In 2016, I decided to write this book with Michael, from my deepest place of wanting to have a positive impact on how people go through change.

InfoQ: For whom is this book intended?

Spayd: Agile Transformation is written fundamentally for enterprise agile coaches and agile transformation leaders who have leadership responsibility for an agile transformation. Secondarily, it will be of benefit to HR/OD professionals, leadership coaches, and others who are involved in supporting such a transformation. It will also be of great help to CIOs and other executive sponsors who are taking real accountability for their transformation. Finally, it will be useful for agile team coaches considering making the transition to enterprise coaching.

Madore: I would say this book is for anyone who is involved in organizational systemic change; for people who are embracing the future of work and looking for approaches to help them to do this humanely; for those wanting to truly shift their way of being as an individual, a leader, a team, or an organization.

InfoQ: Your book provides an integral approach for agile transformations. What does integral thinking mean, and why does it matter?

Spayd: "An integral approach incorporates all of the essential perspectives, schools of thought, and methods into a unified, comprehensive and accurate framework" is a simple definition from the book. The main leverage of Integral Theory is that it provides a meta-framework for mapping other techniques, approaches, and frameworks onto. The fundamental premise of integral thinking is that any school of thought or method that has been around for any length of time must have some truth to it -- "all perspectives are true, but partial" is a Wilber quote.

Integral helps us take multiple perspectives on situations, which is key for change and adaptability in a complex world, instead of getting stuck in our own, limited perspective. As Ken Wilber said to us when we interviewed him for the book -- there are two things that, above all else, make real transformation possible -- the ability to take the perspective of others, and the ability to see one’s own "seer". Both of these are fostered by using integral thinking. Doing this cuts through our confusion when we run into the challenges of existing culture and leadership mindsets when implementing agile.

Madore: To add on to what Michael said, a simple definition of integral thinking is the ability to think and act from multiple worldviews.
 
Why does this matter in the context of agile transformations? The only way we can actually span the boundaries in an organization, the boundaries that are barriers to change - the silos, the divides creating an us vs them mindset - is to be able to think and act from multiple viewpoints. When we use integral thinking, we see where others are coming from; we attempt to look "as" them, rather than just at them. When we are locked into our own biased thinking and limited views, we can’t cross the aisle and collaborate, much less innovate. When you understand what true co-creation is, you understand that it comes from moving away from what I create, what you create, to what our relationship creates. And that can only happen when we operate from a place of openness – of our minds, our wills, and our thinking. Integral thinking gives us the ability to see the complexity of the system. It allows us to see more clearly, so that we can act more effectively.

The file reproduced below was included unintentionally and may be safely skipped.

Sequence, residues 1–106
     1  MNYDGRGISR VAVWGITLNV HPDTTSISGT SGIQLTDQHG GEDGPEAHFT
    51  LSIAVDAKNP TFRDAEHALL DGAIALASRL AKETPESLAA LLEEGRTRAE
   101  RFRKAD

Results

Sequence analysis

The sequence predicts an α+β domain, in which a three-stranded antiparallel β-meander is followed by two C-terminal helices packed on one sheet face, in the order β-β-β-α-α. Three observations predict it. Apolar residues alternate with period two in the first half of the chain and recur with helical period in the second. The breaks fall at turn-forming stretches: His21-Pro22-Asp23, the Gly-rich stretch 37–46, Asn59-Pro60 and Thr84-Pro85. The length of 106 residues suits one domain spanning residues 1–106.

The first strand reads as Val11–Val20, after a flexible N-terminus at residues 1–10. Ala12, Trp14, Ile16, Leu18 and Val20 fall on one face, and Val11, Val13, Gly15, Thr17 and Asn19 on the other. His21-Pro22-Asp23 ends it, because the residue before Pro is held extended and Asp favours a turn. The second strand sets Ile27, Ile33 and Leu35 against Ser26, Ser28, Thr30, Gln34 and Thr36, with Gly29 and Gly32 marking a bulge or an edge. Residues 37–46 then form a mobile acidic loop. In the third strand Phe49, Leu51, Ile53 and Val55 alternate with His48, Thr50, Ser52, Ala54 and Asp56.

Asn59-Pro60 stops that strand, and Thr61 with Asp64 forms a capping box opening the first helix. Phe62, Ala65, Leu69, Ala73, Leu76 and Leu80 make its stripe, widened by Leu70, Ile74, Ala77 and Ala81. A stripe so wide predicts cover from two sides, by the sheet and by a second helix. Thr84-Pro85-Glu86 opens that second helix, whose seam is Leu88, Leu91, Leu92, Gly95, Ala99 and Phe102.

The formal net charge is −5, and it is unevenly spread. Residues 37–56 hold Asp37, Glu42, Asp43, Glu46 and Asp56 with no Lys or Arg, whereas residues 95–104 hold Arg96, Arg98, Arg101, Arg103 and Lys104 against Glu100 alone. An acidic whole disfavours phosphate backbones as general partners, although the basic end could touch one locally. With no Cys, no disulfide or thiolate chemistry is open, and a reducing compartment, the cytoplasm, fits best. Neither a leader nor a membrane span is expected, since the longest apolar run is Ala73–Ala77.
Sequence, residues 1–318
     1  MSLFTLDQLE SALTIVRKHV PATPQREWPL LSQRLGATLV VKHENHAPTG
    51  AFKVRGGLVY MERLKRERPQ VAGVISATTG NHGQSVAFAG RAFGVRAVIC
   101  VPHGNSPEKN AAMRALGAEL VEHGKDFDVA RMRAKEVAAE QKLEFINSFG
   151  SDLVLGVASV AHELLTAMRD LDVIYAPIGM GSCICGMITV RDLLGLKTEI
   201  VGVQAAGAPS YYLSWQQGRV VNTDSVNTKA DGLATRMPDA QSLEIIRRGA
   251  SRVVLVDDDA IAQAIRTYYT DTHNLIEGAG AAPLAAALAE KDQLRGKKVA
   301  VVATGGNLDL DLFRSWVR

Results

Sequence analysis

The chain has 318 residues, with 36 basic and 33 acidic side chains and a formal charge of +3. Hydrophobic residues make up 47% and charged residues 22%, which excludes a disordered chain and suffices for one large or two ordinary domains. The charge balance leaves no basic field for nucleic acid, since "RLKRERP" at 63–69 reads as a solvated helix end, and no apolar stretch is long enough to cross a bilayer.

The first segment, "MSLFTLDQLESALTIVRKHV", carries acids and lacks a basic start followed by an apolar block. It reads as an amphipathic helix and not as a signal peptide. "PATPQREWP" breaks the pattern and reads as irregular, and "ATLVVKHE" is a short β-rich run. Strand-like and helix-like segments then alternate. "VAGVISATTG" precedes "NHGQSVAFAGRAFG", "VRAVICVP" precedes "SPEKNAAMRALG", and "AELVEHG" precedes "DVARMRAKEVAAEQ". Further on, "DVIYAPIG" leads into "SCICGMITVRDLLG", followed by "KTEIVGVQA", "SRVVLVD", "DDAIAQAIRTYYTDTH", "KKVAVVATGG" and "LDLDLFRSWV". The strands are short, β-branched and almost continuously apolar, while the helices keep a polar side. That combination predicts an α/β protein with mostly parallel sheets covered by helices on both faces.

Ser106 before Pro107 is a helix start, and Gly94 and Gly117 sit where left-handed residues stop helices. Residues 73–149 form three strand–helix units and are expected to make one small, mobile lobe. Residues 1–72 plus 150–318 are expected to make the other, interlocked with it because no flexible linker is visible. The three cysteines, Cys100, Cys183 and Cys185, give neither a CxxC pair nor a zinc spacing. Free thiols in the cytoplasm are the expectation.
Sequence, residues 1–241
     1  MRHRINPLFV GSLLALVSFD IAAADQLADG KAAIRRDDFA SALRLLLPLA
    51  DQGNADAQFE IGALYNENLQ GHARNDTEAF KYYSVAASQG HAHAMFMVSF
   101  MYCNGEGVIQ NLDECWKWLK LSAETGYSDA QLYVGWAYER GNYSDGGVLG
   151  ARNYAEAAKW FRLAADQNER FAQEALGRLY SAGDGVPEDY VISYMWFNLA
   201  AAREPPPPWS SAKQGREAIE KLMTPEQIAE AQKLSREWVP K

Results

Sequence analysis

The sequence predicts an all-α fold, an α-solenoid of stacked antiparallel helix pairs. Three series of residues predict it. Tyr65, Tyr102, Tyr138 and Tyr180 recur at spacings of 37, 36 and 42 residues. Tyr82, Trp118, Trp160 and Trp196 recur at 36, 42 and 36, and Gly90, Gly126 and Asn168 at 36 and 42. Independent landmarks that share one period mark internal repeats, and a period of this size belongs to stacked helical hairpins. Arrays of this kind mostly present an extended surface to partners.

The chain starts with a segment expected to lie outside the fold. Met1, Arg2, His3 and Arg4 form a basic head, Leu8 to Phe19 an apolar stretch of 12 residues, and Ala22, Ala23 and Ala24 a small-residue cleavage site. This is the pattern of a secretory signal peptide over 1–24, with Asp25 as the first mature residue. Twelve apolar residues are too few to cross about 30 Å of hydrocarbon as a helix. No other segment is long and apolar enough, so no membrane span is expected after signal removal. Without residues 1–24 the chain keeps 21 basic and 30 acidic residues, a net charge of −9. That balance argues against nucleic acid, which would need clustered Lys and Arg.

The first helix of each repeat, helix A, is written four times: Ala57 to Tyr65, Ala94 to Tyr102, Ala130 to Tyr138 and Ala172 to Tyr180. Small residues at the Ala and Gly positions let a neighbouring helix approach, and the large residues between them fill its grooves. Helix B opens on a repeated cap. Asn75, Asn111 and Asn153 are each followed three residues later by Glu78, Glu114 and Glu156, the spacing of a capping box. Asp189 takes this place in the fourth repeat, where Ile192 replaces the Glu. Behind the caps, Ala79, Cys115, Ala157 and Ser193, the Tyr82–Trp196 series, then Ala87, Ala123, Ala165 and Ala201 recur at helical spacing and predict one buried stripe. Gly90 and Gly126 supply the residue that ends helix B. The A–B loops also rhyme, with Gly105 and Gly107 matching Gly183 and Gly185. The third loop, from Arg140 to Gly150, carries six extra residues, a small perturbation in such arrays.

InfoQ: How can holon principles and tendencies help us to understand what's happening in our agile transformation?

Spayd: That’s a bit of a complex question, but I’ll give it a shot. Holon is the idea that almost everything in the universe is both a whole and a part, just from different perspectives. Within our context, the holons that are important are individual people, teams (composed of individuals, but forming a new whole all its own), programs or departments (composed of teams and individuals), and organizations. Which holon level we choose to focus on makes a big difference in what we see and what we can do. If we only focus on key individuals, for instance, we will get one kind of perspective, one set of information. If we focus on teams, we will get a very different perspective. Focusing on organizations as a whole gives us a more systemic view. None of these are the "right" holon to focus on -- all of them matter; each requires different kinds of skills and consciousness to effectively apprehend that level of holon and be effective working with it.

The four fundamental holon tendencies that Wilber identified across all holons are agency (autonomy; freedom to express self), communion (joining with similar holons; belonging), transcendence (forming a higher/wider/deeper senior holon), and integration (a senior holon embracing its constituent parts/holons). Agency and communion are interdependent pairs (polarities), as are transcendence and integration.

For any given holon -- say, a team -- it has the need to maintain its own agency, as well as to join with other teams to form larger programs that create customer value. For instance, in an agile scaling implementation, the holon principles remind us that a transformation risk happens if a release train program begins dictating to its junior holons (individual agile teams) how to self-organize their work. Or the opposite, if an individual agile team did not respect the integrity of the overall program to coordinate the work between teams, and went off and "did its own thing," that is an example of hyper-agency, which undermines the program holon.